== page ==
FIG. 1, a system of axes defining a gradient meter;
FIG. 2, the diagram of the gradient meter according to the invention; and
FIG. 3, the diagram of the computing means of this gradient meter.
So as to be able to estimate the error due to the lack of colinearity, a trirectangular reference trihedron Oxyz has been shown in FIG. 1 in dashed lines, whose axis oy is that of one of the magnetometers of a gradient-meter.
A second trihedron OXYZ is defined by the axis OY of the second magnetometer of the gradient meter and by the axes OX and OZ of two other magnetometers, the purpose of which will be defined further on. The second trihedron is slightly different from the first one and is not trirectangular because of the inevitable errors in orientating the magnetometers defining it.
The projections X' and Y' of the axes X and Y on the plane oxy and Z' of axis Z on the plane yoz are defined by the angles γ, δ, ε, φ, α and β shown in FIG. 1.
The magnetic field whose gradient it is desired to measure is shown by a vector F whose orientation is defined by the angles θ and φ shown in this Figure.
With these definitions, the components of the field along the six axes thus defined are given by:
Hx=F cos θ sin φ
Hy=F cos θ cos φ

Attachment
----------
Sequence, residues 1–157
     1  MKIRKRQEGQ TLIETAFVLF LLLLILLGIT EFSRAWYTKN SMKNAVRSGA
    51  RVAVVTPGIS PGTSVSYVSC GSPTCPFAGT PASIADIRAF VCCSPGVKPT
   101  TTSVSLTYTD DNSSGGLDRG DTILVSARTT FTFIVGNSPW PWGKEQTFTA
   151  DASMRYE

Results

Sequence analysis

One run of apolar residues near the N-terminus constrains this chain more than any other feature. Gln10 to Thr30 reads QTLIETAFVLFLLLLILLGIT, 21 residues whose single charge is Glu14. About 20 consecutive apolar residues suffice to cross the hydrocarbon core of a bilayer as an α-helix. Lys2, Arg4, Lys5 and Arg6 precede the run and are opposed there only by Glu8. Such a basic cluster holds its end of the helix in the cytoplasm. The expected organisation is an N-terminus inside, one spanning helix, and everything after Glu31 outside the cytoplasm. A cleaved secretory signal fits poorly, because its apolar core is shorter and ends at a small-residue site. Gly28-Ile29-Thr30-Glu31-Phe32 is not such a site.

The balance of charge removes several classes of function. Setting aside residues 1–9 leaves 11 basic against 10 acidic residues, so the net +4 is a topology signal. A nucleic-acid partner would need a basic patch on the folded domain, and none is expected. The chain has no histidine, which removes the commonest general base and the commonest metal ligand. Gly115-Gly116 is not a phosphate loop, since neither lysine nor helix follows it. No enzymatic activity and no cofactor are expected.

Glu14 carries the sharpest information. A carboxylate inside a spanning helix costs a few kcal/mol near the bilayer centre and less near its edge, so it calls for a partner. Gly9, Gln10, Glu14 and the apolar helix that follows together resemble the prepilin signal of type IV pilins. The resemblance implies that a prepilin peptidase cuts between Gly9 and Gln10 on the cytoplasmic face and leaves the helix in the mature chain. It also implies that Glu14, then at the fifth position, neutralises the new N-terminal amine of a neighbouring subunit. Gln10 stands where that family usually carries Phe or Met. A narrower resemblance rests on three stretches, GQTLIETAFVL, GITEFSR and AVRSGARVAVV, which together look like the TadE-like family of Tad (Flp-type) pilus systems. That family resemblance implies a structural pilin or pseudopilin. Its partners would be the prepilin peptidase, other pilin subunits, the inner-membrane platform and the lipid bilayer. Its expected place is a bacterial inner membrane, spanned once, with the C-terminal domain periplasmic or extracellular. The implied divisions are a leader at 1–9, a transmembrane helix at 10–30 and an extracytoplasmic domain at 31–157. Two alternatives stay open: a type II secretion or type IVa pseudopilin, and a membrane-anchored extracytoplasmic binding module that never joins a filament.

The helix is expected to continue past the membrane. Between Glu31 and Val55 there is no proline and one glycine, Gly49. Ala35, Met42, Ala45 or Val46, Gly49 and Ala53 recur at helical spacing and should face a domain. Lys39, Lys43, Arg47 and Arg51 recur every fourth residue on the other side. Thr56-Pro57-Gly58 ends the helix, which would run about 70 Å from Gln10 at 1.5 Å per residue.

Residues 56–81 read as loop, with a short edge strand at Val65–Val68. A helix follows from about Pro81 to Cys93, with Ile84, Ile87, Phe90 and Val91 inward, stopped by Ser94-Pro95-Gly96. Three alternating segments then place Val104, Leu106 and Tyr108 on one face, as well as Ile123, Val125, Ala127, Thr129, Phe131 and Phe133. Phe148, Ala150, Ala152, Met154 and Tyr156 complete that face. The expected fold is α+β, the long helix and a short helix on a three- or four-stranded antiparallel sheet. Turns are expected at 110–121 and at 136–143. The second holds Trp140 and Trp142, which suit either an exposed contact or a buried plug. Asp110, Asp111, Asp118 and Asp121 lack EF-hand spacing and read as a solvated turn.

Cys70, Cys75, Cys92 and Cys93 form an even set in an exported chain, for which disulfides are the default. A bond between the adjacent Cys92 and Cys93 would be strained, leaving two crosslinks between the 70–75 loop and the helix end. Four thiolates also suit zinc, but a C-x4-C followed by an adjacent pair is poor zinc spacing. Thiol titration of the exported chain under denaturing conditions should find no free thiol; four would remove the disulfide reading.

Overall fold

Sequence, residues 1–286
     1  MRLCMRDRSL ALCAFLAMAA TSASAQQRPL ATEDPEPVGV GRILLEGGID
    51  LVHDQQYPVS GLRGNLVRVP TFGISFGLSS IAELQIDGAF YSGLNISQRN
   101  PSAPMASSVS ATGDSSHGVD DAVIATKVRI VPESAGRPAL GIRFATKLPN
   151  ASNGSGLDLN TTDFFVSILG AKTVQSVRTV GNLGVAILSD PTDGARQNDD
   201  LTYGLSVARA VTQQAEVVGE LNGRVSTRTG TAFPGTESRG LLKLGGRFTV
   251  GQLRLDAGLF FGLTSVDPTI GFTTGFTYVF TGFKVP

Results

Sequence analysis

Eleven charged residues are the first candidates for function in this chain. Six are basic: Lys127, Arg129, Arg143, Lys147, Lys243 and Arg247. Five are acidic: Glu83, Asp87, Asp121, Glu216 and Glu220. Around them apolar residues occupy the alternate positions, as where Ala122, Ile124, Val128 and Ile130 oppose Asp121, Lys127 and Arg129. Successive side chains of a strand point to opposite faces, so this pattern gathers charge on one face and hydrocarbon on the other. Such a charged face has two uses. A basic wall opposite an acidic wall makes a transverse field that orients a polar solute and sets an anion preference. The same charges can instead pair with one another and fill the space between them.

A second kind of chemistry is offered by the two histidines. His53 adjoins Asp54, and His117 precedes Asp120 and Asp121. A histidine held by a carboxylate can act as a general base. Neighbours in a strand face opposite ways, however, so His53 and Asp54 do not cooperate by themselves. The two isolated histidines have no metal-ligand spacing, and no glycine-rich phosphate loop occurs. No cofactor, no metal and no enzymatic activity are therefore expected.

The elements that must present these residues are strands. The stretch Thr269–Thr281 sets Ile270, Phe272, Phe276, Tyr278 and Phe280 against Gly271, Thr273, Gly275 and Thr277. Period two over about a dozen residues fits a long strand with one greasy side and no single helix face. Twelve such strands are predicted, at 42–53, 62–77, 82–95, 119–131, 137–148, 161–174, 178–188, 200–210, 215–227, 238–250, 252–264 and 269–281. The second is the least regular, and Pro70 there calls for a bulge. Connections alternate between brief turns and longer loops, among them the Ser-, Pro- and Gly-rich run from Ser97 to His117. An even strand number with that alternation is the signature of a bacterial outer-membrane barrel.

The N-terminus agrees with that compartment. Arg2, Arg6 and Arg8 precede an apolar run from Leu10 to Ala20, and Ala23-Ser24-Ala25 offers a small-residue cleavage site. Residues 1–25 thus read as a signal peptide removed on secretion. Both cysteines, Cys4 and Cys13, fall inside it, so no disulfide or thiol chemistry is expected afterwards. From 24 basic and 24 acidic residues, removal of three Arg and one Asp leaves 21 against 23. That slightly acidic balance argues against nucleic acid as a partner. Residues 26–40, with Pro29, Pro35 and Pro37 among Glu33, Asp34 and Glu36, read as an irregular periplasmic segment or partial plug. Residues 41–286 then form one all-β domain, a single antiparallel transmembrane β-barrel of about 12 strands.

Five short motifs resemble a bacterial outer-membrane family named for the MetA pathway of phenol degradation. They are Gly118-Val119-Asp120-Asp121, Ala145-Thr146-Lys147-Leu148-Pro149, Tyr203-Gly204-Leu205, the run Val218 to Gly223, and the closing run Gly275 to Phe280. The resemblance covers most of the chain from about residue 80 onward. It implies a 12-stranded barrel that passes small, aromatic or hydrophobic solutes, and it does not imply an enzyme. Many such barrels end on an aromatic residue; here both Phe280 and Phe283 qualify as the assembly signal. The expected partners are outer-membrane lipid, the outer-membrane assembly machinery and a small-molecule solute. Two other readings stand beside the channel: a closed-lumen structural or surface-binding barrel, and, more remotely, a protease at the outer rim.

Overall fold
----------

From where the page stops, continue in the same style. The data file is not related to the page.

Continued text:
Hz=F sin θ
HX=F [cos θ sin φ cos δ cos γ-cos θ cos φ sin δ cos γ+sin θ sin γ]
HY=F [cos θ cos φ cos φ cos ε+cos θ sin φ sin φ cos ε+sin θ sin ε]
HZ=F [sin θ cos β cos α-cos θ cos φ sin β cos α-cos θ sin φ sin α]
The gradient meter formed by the two magnetometers having axes oy and OY gives a measurement of the gradient of the field in a direction intermediate between these two axes. The error relating to the direction is not very important, but the error relating to the measurement itself remains to be estimated.
If the field is uniform, and so the gradient zero, the difference between the measurements from the two magnetometers should be zero. This is not the case because of the error of colinearity and a value is obtained given by:
Δ=HY-HY=F[cos θ cos φ(cos φ cos ε-1)+cos θ sin φ sin φ cos ε+sin θ sinε]
This difference is a measure than of the error of colinearity along Oy and is formed from three terms which assume maximum values depending on the orientation of the gradientmeter.
In the earth's field (F=50000 nT) and with (current) values of ε and φ equal to 0.2 degree, these maximum values are respectively:
0.6 nT for φ=δ=0
175 nT for θ=0 and φ=π/2
135nT for θ=π/2 and any φ.
Now, the magnetometers, for example of the so called "flux-gate" type, used in gradientmeters have much lower sensitivities, typically less than 0.1 nT. It is then absolutely necessary to correct at least the last two terms of the error.